Scott Marlowe

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Scott Gregory Marlowe
Born

(1932-06-24)June 24, 1932

Born as Ronald DeLeo to Emile DeLeo and Constance Severini.[1] Some sources give his year of birth as 1934, instead of 1932, which would make his age at death sixty-six.
Newark, New Jersey, US
DiedJanuary 6, 2001(2001-01-06) (aged 68)
OccupationActor: film, television, and stage
 
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Scott Gregory Marlowe
Born

(1932-06-24)June 24, 1932

Born as Ronald DeLeo to Emile DeLeo and Constance Severini.[1] Some sources give his year of birth as 1934, instead of 1932, which would make his age at death sixty-six.
Newark, New Jersey, US
DiedJanuary 6, 2001(2001-01-06) (aged 68)
OccupationActor: film, television, and stage

Scott Gregory Marlowe (June 24, 1932 – January 6, 2001) was a versatile American actor of film, television, and stage.

Early film career[edit]

Marlowe first appeared on film in the 1954 production of Attila, directed by Pietro Francisci. Two years later, he starred as John Goodwin in an episode of CBS's anthology series General Electric Theater hosted by future U.S. President Ronald W. Reagan.[2]

Marlowe often took film roles of dysfunctional juveniles in a series of films made during the 1950s,[3] including The Scarlet Hour (1956) as the young rebel Vincent, The Restless Breed (1957), a murder mystery set on the western Great Plains and directed by Allan Dwan, and Riot in a Juvenile Prison (1959), as Eddie Bassett. Marlowe matured in Hollywood when films turned toward more realistic dramas with new stars like Marlon Brando, James Dean, and Jeff Chandler. "Those early movies made me somewhat of a teen icon," Marlowe recalled.[3]

Western series[edit]

In 1956, Marlowe appeared as Knox Cutler in the western film The Young Guns. In 1958, he began appearing in a number of television westerns, with his guest role of Jess "Little Elk" Carswell on NBC's Wagon Train with Ward Bond. In 1959, he portrayed the outlaw John Wesley Hardin, who reportedly killed forty-four men in the Old West, in the episode "The Turning Point" of ABC's Bronco starring Ty Hardin, a Warner Brothers Production.[2]

In 1960, he appeared as "The Kid from Nowhere" in CBS's one-season Hotel de Paree starring Earl Holliman and Jeanette Nolan. That same year, he starred as Mickey Free in the episode "Apache Blood" of Clint Walker's ABC series, Cheyenne. He starred in 1960 as Clancy Jones in the episode "The Show-Off" in NBC's Law of the Plainsman starring Michael Ansara. He appeared on CBS's Dick Powell's Zane Grey Theater[2]

Marlowe guest starred three times in significant segments of Richard Boone's CBS western, Have Gun - Will Travel. In the 1961 episode "The Duke of Texas", Marlowe played an arrogant young Austrian nobleman named Franz, who seeks to succeed his proclaimed cousin, Maximilian, the murdered emperor of Mexico. Boone's character Paladin learns that Franz is an unknowing dupe of his advisor, Ludwig, (played by Eduard Franz) who has entered into a gun-running scheme with a Mexican bandit. The episode is remembered for a fencing match involving the character played by Albert Cavens, renowned handler of swords.[4]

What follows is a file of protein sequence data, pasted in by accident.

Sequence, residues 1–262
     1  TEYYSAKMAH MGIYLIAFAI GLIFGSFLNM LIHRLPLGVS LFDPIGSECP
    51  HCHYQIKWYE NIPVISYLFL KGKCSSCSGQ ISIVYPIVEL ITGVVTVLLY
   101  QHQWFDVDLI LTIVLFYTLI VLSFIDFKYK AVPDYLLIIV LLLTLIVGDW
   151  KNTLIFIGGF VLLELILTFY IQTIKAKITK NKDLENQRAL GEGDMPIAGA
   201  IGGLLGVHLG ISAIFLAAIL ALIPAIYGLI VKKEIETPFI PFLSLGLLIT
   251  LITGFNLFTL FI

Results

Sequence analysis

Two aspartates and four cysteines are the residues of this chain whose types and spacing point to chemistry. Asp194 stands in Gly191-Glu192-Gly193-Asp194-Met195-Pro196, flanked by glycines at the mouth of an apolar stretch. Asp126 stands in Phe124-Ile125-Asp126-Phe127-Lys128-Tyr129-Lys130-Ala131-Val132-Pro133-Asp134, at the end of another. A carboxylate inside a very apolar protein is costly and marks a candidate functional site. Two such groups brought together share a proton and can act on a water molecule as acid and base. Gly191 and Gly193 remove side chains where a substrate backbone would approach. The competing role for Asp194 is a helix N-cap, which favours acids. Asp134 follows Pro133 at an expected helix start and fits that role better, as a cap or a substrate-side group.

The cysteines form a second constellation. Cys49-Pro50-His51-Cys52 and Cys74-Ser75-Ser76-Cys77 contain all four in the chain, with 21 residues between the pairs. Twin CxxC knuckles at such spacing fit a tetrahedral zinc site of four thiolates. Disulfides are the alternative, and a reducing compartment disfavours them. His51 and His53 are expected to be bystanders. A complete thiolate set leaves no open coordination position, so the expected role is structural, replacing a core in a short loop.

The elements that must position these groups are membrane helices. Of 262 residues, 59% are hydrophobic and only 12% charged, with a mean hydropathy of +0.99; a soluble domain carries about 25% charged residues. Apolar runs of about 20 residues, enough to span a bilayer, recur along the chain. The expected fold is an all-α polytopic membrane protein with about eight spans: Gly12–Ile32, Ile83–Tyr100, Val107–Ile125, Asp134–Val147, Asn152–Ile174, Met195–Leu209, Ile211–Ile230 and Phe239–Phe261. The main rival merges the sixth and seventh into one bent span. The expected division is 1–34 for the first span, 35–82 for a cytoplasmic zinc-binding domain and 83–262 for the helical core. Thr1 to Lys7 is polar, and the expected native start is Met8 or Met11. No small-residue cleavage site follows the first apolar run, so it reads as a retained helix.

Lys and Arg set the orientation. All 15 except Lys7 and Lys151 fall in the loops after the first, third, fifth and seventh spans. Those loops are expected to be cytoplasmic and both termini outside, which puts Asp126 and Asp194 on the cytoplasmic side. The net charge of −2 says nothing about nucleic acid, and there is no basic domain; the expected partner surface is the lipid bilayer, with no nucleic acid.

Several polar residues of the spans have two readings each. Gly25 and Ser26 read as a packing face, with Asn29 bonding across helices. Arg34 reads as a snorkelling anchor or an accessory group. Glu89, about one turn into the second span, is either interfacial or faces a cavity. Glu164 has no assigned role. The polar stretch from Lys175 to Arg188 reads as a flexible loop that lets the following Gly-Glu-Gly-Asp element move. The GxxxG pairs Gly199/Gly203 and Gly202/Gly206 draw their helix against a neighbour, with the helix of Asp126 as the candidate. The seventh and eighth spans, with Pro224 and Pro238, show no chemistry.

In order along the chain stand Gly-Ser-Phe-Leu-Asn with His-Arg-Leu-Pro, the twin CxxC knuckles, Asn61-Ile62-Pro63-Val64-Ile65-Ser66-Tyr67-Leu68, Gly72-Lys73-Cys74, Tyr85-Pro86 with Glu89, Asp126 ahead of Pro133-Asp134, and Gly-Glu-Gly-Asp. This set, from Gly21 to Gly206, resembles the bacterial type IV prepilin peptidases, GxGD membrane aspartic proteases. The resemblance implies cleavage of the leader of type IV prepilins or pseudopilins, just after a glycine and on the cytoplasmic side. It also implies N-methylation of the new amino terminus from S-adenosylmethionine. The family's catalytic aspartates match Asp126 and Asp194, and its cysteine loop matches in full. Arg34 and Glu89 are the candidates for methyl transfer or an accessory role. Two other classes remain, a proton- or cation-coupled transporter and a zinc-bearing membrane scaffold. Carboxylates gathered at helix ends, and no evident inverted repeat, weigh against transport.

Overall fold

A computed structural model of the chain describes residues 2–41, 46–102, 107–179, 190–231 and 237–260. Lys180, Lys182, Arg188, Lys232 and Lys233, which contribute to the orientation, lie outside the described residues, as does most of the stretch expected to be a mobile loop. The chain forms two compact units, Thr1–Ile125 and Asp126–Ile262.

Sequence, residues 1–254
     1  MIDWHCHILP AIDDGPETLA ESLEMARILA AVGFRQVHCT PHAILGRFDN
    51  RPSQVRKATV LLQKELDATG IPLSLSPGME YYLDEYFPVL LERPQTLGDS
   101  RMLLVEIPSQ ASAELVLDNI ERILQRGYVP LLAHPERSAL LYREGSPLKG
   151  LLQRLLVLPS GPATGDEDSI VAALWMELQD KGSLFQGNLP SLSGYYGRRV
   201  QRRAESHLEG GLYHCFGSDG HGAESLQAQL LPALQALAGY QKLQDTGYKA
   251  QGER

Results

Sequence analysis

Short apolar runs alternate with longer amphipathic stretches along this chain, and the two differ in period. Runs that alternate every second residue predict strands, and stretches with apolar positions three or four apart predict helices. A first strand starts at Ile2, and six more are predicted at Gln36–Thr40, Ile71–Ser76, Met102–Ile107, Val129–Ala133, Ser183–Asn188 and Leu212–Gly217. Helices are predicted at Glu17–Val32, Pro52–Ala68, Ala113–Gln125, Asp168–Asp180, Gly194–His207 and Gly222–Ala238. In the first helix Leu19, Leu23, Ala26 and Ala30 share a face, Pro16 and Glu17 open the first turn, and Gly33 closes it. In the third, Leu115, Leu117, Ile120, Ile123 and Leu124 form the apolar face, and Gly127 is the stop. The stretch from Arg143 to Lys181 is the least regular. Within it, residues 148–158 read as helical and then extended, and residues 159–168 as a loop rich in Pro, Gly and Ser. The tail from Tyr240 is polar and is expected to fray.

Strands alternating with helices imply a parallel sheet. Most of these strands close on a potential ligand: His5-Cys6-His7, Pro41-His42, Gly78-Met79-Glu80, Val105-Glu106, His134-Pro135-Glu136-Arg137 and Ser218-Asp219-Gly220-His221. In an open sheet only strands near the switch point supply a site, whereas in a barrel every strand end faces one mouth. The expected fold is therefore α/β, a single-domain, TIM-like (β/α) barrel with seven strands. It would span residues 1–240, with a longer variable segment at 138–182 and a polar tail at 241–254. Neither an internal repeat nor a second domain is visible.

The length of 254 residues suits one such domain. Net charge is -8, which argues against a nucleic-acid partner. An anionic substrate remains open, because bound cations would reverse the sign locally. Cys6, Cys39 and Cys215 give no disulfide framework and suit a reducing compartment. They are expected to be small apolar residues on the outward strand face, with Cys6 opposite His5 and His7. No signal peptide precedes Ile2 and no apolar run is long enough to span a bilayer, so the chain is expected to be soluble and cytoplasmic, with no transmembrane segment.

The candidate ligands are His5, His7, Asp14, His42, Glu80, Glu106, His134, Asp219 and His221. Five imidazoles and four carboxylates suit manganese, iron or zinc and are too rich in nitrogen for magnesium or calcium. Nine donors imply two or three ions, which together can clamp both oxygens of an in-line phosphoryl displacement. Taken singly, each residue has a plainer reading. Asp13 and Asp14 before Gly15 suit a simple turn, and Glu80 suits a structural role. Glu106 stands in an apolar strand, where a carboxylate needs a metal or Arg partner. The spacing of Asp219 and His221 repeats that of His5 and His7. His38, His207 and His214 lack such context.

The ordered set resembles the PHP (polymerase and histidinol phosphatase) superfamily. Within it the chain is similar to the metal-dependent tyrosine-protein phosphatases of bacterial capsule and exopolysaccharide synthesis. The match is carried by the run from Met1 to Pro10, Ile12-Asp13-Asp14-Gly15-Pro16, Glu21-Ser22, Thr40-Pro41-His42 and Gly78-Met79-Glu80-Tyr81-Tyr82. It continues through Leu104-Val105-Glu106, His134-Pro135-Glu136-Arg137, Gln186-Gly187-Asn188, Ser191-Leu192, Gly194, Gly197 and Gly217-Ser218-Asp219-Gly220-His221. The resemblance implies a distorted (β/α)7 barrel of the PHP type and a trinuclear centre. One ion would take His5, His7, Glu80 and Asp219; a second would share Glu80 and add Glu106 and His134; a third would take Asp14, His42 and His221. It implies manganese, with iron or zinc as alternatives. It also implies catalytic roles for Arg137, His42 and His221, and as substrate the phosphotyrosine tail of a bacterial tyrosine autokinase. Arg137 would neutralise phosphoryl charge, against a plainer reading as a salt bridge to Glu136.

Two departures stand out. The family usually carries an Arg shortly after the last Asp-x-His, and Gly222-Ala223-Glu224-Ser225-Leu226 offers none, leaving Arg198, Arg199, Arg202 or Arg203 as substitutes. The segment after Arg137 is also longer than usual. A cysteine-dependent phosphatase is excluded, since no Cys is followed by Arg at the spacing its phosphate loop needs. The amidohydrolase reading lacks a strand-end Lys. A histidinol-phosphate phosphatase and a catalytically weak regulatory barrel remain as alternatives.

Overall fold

In a 1958 Have Gun appearance, Marlowe portrayed Roy Carter, a young man scheduled to be hanged though Paladin has found evidence of Carter's innocence.[5] In a 1959 appearance on Have Gun, Marlowe plays the Indian Charley Red Dog, who holds a correspondence school diploma and seeks to be the marshal of the fictitious town of Santa Maria, New Mexico. In the course of the script, Red Dog is befriended by Paladin.[6]

Marlowe appeared four times between 1963 and 1966 on James Arness's CBS western Gunsmoke. In 1964, Marlowe appeared as Lee Hewitt in the episode "The Roper" on NBC's most successful western, Bonanza. In 1970, he guest starred as Billy Kells in the episode "The Experiment" on CBS's Lancer series starring Andrew Duggan, James Stacy, and Wayne Maunder.[2]

Drama and adventure series[edit]

In the 1960s, Marlowe continued to appear in drama and adventure series, often as a young man in trouble with the law or unwilling to adjust to societal mores. He appeared in the role of Les in the episode "Die Laughing" on ABC's Straightaway, a program about automobile racing starring Brian Kelly and John Ashley. Jack Klugman played Marlowe's father in the episode. Marlowe appeared twice in 1961 on ABC's Target: The Corruptors! crime drama in episodes "A Man's Castle" (as Tito) and "Mr. Meglomania" (as Phil Manzak).[2] Also in 1961 Marlowe starred as Armand Fontaine a serial killer on the episode "Effigy in Snow" of CBS's Route 66.